After the all-round disaster that was Batman & Robin, the colourful and eccentric Batman films of the nineties descended to nothing more than a hard-nippled joke, and the franchise seemed impossible to continue. However, Christopher Nolan's Dark Knight trilogy managed to reboot the hero through character-driven narrative, compelling villains, insightful social commentary and ambitious, live-action set pieces - resulting in a trilogy that was both commercially and critically successful. So when I saw Nolan's name attached to the seemingly brooding, and almost arthouse, trailer for Man Of Steel I expected the Nolan magic was going to be at work again.
Of course, in my excitement, I had foolishly overlooked the director credit for Zack Snyder whose last three films (Watchmen, Legends Of The Guardians: The Owls Of Ga'Hoole, Sucker Punch) had all been big-budget flops at the domestic box office that were panned by critics. This realisation dawned on me very quickly as I struggled to stay awake through nearly two and half hours of loud, dumb CGI set-pieces, strung together with empty dialogue from humourless, undeveloped characters.
Man Of Steel is such an omnishambles that it is difficult to ascertain what Zack Snyder was actually attempting to achieve. After some explosive CGI battle scenes and Russell Crowe fighting all over the world, Kal-El is sent away from Krypton in an inter-galactic Moses basket to the planet Earth. His realisation of his true identity, and the development of his strengths, is dealt with in as little time as possible in order to make way for some more big CGI explosions. When there is dialogue, it is humourless, dull and far more pseudo-philosophical than the crass, thrill-less set pieces that it punctuates.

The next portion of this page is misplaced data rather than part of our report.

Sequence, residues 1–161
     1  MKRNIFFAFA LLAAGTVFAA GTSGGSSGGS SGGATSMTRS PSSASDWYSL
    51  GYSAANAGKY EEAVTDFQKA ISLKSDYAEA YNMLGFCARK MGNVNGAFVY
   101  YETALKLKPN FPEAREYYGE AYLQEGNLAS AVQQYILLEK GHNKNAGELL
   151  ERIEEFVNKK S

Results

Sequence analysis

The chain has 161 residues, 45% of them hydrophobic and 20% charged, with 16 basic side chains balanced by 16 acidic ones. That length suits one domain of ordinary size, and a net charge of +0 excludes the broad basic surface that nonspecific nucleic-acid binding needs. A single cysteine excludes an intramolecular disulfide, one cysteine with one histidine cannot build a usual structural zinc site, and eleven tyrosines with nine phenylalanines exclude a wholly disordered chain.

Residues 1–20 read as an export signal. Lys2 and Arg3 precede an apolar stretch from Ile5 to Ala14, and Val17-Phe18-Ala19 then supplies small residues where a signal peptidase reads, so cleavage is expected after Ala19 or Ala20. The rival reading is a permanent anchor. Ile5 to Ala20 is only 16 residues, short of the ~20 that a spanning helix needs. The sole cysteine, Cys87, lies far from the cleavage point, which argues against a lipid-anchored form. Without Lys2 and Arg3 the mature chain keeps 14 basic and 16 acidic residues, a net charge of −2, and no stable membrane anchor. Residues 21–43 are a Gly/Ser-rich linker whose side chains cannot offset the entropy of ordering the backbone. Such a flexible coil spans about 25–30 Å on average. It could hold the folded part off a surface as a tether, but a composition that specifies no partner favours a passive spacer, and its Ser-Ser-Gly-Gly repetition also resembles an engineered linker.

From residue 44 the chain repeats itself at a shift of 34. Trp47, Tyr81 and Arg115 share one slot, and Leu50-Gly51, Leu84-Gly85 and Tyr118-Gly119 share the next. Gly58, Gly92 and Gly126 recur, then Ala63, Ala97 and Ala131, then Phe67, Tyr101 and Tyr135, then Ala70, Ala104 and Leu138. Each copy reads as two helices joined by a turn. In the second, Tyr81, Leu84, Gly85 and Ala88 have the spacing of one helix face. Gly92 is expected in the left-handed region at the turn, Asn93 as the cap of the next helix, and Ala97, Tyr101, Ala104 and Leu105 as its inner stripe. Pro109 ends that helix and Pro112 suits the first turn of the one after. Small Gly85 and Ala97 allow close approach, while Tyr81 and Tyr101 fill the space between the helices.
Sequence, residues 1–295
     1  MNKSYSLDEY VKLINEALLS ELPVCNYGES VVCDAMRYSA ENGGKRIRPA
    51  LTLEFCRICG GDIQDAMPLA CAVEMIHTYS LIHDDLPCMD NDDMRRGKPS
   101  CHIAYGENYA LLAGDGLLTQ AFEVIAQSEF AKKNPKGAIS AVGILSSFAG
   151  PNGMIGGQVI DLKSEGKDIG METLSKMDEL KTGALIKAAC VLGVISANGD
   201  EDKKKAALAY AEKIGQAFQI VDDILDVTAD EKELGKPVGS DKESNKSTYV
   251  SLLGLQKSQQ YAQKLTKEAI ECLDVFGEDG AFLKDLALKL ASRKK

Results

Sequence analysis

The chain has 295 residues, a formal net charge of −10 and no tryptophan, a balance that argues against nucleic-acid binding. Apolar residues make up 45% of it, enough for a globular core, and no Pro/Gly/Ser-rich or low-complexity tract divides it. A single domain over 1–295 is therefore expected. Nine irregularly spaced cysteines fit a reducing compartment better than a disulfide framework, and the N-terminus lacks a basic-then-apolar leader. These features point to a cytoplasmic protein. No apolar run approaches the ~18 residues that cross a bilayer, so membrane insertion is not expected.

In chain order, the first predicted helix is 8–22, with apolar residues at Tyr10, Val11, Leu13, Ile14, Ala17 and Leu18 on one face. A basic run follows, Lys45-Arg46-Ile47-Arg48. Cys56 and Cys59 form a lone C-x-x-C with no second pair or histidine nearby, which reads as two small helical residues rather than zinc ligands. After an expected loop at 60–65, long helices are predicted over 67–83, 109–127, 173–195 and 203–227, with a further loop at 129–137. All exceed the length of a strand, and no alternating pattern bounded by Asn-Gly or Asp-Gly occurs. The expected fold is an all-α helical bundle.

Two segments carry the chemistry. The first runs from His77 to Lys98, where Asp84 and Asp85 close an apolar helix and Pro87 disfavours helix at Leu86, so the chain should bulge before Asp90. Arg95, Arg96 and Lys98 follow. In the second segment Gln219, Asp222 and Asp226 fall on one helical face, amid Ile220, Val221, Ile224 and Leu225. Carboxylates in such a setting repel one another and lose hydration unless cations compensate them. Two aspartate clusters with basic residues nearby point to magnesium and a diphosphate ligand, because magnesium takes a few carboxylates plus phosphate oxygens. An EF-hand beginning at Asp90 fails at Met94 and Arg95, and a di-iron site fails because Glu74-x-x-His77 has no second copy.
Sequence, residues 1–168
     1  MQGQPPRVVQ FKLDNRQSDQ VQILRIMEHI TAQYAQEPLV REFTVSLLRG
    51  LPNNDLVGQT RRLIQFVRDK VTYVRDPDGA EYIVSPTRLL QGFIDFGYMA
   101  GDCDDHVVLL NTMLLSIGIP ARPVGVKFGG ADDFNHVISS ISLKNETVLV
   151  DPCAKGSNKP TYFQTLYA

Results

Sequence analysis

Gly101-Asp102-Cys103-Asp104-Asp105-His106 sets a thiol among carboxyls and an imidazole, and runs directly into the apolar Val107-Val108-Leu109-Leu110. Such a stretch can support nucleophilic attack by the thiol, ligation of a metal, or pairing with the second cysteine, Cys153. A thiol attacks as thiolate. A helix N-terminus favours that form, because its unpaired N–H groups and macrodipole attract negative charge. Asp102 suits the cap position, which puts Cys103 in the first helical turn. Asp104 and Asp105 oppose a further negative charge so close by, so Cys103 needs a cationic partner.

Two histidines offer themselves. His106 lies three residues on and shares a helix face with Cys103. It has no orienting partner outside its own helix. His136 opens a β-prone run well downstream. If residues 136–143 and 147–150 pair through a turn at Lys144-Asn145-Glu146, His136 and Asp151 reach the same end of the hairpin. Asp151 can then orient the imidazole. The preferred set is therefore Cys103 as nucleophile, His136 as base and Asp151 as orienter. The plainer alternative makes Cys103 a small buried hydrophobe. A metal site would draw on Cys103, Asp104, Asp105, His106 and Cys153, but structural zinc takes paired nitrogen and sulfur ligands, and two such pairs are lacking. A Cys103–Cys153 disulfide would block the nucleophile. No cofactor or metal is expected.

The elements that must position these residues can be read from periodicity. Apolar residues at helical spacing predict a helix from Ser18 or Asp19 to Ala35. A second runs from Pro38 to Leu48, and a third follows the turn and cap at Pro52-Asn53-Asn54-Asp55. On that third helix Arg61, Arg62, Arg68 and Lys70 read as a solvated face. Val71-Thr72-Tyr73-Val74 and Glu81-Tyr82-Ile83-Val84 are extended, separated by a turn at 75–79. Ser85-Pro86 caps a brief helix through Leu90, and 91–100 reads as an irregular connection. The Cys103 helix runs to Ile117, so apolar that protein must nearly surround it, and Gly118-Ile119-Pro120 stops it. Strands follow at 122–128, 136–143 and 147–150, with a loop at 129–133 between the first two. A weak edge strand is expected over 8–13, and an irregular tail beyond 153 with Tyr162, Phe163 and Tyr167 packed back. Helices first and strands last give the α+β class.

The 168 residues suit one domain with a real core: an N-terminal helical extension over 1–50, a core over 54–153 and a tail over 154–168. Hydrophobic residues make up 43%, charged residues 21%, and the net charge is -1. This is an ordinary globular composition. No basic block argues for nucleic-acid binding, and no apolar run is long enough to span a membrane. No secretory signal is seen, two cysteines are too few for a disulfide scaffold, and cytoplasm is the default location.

If Snyder set out to make a serious and brooding Dark Knight-style superhero film, then he has failed spectacularly as Man Of Steel has a total absence of character exploration, interest in a believable villain or real, live-action jeopardy; which makes the remaining dialogue sound incredibly clumsy. Moreover, in The Dark Knight Batman had to go into hiding for seven years as the deaths of two characters may have shaken the hope of the people; yet the millions of human deaths and the billions of dollars of damage caused by Superman during the city battle in Man Of Steel don't even weigh slightly on his conscience. Instead, he is called a hero and thanked for saving the day, whilst Metropolis slowly burns to the ground behind him. I wouldn't have been surprised if "America, F*** Yeah!" played over the credits.
Of course, not all superhero films have to be dark and cerebral - look at last year's Avengers, which was a fun, mega-budget blockbuster that featured huge CGI battles in the middle of cities, and an ensemble cast of well-known actors playing entertaining and likeable characters. If Man Of Steel is trying to replicate the broad, blockbuster action of Avengers then unfortunately it fails yet again. There is a total vacuum of charisma and humour from the movie's stars, and it is an uphill struggle for the audience to enjoy being in the company of any of its characters. The only possible laughs this boring and asinine Superman movie can offer are ironic sniggers at the sheer stupidity of Snyder's grandiose treatment of a meaningless blockbuster.
It was perhaps naïve to think that Christopher Nolan's influence as producer could reboot Superman with the same success as Batman Begins. Yet, as Zach Snyder is already announced to be directing the sequel, Man Of Steel may just be the first in a long line of boring, loud, inane, joyless and underwhelming movies, overloaded with CGI and void of any jeopardy or charisma.